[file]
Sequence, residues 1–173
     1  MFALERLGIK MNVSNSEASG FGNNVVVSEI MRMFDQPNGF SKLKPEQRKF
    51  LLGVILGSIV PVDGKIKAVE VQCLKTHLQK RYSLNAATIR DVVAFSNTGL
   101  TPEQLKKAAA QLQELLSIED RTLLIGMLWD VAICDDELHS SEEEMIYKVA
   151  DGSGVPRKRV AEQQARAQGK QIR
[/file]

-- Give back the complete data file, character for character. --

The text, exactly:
Sequence, residues 1–173
     1  MFALERLGIK MNVSNSEASG FGNNVVVSEI MRMFDQPNGF SKLKPEQRKF
    51  LLGVILGSIV PVDGKIKAVE VQCLKTHLQK RYSLNAATIR DVVAFSNTGL
   101  TPEQLKKAAA QLQELLSIED RTLLIGMLWD VAICDDELHS SEEEMIYKVA
   151  DGSGVPRKRV AEQQARAQGK QIR